Priya was just 12 when she was drugged by an aunt and dumped at a brothel in New Delhi. "I thought it was a cinema hall but then I realized they wanted me to do bad things," said the young Nepali woman, now 21, who was brought from her poverty-stricken village with the promise of a job as maid. \nPriya spent the next three years in the Indian capital's red-light district where she says she was forced to have sex with "all kinds of men from 13-year-olds to old men with no teeth". \n"They threatened me, saying they'd let me go if I worked for three years and earned 50,000 rupees (US$1,070) for them," Priya told Reuters. "Otherwise, they said they'd send me to a brothel in Bombay where I'd be locked in a room until I was old." \nToday, she's one of a lucky few to be rescued from sexual slavery -- in fact she now works with police, saving other women from brothels. But thousands of Nepali girls are trafficked across the 1,580km India-Nepal border and sold to brothels. \nSocial workers say the number of girls being trafficked from Nepal has increased in recent years because of AIDS. \n"There's a myth that having sex with a virgin can cure you of AIDS," said Roma Debabrata, president of STOP, a group that rescues girls from brothels. \nShe said some men with AIDS fork out up to 100,000 rupees (US$2,126) -- almost an entire year's starting salary for an executive -- for a virgin. \nThere are from 200,000 to 375,000 Nepali women in Indian brothels, according to a report the Indian non-governmental organization Prayas helped compile. \nAbout 30 to 40 percent of the total number of women in India's red-light districts are Nepali, Ravi Nair, executive director of the South Asia Human Rights Documentation Centre, told Reuters. \nTrafficking of women from Nepal's hill communities began in the 19th century, when feudal lords recruited girls from the Helambu region north of Kathmandu to work as concubines. Owning "Helambu girls" became a mark of high social status. \nToday, the practice of keeping concubines has ended but the recruitment of women continues -- only now they are sold to Indian brothel owners who like them because of their fair complexions. \n"There are organized gangs and it's a multi-million-rupee trade," Nair said. "The problem is cross-border trafficking is not given the same importance as cross-border terrorism or trafficking of drugs." \nAlmost always the story is the same -- poor and illiterate girls as young as nine are sold by their families or lured to India with the promise of well-paid jobs as domestic or factory workers. \nOnce there, activists say they are sold to middlemen for US$200 to US$500 and then they must resign themselves to life as a prostitute or face gang rape and torture until they submit. \n"Their spirit gets destroyed," said Nair. \nA US-based non-governmental group, Coalition Against Trafficking in Women, recounts the story of 13-year-old Mira from Nepal who arrived at a brothel on Bombay's Falkland Road, where thousands of women are displayed in zoo-like cages. \n"When she refused to have sex, she was dragged into a torture chamber in a dark alley used for breaking in new girls. She was locked in a narrow, windowless room without food or water," the report said. \nAfter she refused to have sex for a fourth day, she was wrestled to the floor and her head was smashed against concrete until she passed out. When she awoke, she was raped. "Afterwards, she complied with their demands," the report said. \nSome girls are rescued and some manage to escape but the numbers are few and far between. Many contract AIDS in India and are then sent back to Nepal where they are dismissed as "India's soiled goods." \nIndia has nearly four million people suffering from HIV/AIDS -- second only to South Africa -- and health experts warn the numbers could spiral if steps are not taken to control it. \n"Since 1997 we have rescued about 400 girls from brothels in New Delhi, Bombay and Calcutta," said Bishwa Khadka, an official at Maiti Nepal, a group helping rescue and rehabilitate trafficked girls. \n"Forty of them are still with us with AIDS and 10 have already died of AIDS while with us." \nFaced with the prospect of social ostracism at home, one 16-year-old Nepali who STOP rescued from a Delhi brothel said she didn't want to go home. \n"She said she did not want to be rescued because she had nowhere to go," said Debabrata.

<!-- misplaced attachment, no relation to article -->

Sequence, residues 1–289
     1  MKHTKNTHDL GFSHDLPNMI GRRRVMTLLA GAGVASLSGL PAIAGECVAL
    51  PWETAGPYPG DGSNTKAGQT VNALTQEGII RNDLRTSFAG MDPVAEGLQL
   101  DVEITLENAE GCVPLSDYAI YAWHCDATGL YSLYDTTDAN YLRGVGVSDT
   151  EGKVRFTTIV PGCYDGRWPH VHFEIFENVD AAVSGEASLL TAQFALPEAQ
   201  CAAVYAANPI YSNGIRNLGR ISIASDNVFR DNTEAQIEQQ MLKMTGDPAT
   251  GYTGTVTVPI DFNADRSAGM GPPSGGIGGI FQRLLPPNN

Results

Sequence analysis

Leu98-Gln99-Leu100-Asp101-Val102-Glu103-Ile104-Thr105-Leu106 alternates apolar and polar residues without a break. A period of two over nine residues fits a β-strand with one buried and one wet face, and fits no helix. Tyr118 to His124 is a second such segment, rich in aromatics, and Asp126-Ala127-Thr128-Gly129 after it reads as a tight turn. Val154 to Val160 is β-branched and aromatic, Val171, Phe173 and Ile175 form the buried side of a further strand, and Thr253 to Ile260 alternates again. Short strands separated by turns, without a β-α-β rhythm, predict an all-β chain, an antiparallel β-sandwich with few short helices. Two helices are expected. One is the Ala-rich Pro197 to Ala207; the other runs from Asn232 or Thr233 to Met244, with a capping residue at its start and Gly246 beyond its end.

I have to say I am more excited than usual at the outset of this trip. The journey starts by taking the train from Kaohsiung to Taitung County’s Guanshan Township (關山) on the Puyuma express. This much-improved service only takes a little over two hours, cut down from more than three hours in the past. The plan is to replicate a bike ride I did in 2008 from Taitung to Kaohsiung on the Southern Cross-Island Highway. Traveling with a touring bike and self-supported, I have everything I need to survive for the three days: camping gear, food, warm clothes and